Now, I happen to disagree with the concept of “tanking” prices. A price doesn’t tank; it just drops as a result of supply and demand. A lot of times sellers will complain about tanking prices in January, after the Q4 selling rush has ended. In December many of the lower priced sellers sell out of their inventory, leaving higher priced items as the only ones in stock. If you price your own RA inventory to match those high prices but don’t sell quickly enough, the lower priced sellers will eventually come back in stock, and it will look like the prices have tanked.

There’s a simple workaround to know if a price is likely to tank in the future: use price and sales rank history to make buying decisions, rather than looking only at current price and sales rank. You can find this data on two free websites (or through my fave RA sourcing app, Scoutify): CamelCamelCamel and Keepa. If you are interested in learning more about how to read Camel and Keepa graphs, check out my tutorials:

How to Read and Understand Keepa Graphs

How to Read and Understand CamelCamelCamel Graphs

3. Amazon seller restrictions

Another common concern among FBA sellers who typically do RA sourcing is the possibility of Amazon restrictions for categories, brands, or even specific ASINs.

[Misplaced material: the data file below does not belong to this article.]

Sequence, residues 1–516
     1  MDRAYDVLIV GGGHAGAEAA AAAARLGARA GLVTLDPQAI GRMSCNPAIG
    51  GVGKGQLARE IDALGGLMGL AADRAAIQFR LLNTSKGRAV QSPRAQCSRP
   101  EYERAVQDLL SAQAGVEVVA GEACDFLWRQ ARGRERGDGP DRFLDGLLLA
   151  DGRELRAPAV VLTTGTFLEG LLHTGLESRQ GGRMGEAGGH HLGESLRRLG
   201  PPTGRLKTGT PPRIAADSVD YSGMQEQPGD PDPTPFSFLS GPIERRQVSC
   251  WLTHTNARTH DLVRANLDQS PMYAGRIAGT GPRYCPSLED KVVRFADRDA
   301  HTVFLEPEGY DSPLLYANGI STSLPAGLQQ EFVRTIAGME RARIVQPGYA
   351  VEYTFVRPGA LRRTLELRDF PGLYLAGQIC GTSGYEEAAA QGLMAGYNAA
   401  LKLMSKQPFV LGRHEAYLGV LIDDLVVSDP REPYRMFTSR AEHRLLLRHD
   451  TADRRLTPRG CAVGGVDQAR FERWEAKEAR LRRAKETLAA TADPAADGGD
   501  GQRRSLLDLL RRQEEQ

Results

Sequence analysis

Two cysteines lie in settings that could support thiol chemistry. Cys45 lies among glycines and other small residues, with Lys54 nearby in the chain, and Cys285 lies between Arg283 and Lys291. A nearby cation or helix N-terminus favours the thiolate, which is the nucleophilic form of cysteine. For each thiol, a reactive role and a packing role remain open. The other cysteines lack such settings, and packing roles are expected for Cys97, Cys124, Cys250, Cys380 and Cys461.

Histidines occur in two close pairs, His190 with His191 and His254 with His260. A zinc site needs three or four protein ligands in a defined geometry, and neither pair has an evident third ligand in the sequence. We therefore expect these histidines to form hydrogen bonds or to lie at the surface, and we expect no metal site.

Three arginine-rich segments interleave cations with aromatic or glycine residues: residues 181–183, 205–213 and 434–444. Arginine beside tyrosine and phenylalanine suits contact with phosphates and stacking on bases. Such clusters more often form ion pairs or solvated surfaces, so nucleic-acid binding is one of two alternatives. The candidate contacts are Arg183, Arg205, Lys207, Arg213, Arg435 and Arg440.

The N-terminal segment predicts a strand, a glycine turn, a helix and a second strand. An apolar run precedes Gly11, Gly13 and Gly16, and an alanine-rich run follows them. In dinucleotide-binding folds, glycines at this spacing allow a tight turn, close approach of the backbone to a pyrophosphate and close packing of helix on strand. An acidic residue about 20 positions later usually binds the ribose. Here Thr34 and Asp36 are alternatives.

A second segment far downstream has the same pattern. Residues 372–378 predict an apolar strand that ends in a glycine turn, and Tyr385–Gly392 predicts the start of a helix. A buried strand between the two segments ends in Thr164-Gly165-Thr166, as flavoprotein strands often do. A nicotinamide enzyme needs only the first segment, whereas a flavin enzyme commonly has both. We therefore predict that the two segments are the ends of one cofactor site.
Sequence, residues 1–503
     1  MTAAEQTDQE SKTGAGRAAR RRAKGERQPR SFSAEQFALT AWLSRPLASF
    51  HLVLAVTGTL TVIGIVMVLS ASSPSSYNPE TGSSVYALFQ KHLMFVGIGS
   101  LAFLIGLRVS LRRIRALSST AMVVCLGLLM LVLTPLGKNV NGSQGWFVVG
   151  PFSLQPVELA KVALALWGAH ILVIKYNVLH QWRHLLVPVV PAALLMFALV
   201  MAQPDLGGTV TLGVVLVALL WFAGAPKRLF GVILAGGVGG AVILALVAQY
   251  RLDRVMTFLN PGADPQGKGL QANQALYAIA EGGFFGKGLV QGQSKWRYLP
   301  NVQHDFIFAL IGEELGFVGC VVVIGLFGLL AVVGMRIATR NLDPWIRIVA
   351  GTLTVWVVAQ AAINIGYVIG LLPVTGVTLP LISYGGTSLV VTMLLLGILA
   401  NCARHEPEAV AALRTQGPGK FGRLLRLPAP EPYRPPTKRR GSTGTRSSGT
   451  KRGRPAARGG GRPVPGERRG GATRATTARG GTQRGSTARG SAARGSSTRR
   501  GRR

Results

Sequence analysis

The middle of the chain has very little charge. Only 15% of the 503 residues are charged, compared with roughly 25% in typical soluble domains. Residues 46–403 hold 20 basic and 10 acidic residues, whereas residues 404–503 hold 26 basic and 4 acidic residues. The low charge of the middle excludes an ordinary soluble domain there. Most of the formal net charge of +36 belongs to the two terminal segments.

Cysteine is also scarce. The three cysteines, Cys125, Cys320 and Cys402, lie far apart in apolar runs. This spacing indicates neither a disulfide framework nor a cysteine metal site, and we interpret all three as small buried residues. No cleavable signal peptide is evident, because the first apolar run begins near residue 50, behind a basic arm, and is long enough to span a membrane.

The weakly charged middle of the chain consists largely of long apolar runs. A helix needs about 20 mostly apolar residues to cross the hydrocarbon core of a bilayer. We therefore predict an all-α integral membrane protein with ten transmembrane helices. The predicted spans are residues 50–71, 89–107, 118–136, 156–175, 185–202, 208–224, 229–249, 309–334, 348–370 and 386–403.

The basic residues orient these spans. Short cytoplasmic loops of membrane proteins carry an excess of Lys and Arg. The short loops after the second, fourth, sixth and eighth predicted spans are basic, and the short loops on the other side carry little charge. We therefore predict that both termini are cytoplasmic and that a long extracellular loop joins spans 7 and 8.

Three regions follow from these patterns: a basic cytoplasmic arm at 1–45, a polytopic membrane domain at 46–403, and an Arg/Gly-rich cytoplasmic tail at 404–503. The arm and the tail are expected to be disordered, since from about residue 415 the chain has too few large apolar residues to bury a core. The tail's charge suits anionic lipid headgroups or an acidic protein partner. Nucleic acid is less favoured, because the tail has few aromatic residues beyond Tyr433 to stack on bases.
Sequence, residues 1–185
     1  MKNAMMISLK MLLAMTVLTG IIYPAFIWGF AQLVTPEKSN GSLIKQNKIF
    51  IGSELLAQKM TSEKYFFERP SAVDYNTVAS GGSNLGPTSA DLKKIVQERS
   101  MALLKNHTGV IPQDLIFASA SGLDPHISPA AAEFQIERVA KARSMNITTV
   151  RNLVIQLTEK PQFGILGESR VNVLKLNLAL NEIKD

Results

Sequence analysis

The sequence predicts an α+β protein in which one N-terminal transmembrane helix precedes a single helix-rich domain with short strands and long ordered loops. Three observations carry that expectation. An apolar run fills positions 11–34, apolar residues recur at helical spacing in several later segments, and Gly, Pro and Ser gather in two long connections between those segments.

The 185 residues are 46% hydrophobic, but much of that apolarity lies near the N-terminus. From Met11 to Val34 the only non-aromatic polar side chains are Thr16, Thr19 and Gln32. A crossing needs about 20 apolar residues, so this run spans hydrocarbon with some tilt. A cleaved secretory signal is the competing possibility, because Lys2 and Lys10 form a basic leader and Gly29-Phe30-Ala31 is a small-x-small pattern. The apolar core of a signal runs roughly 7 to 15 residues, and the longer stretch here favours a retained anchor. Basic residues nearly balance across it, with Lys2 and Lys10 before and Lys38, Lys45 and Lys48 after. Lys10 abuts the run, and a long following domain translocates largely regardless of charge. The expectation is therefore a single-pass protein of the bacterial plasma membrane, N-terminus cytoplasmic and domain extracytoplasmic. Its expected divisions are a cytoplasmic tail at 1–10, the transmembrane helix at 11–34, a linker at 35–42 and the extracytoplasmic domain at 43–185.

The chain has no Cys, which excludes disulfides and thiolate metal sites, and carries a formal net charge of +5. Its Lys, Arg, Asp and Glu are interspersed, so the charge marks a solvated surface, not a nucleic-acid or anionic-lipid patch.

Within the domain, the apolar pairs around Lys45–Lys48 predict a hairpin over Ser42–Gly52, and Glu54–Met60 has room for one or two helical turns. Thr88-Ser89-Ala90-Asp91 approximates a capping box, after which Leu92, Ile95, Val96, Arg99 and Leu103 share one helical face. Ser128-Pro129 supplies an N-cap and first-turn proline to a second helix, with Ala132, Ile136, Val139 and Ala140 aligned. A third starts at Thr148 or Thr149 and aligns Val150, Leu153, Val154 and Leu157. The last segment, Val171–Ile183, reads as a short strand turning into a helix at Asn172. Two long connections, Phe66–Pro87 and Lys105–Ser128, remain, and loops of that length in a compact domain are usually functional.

I’m going to keep this section of the blog post short because I have already covered the topic more extensively in my video on how to deal with Amazon restrictions. In that video I will walk you through how to eventually get approval in almost any Amazon category, if you’re willing to put in the time to make it happen.

Bottom line: If you are out in the stores doing RA sourcing and find items you are not approved to sell on Amazon, it doesn’t have to be a dead end. You can get approved for gated categories. You can get approved for some restricted brands. You can even get approval for individual restricted ASINs. Sometimes you can get instant approval, even while you’re standing there in the store aisle! Other times it takes some patience, but over time you will be able to sell more and more of the items that may currently be restricted to you as a seller.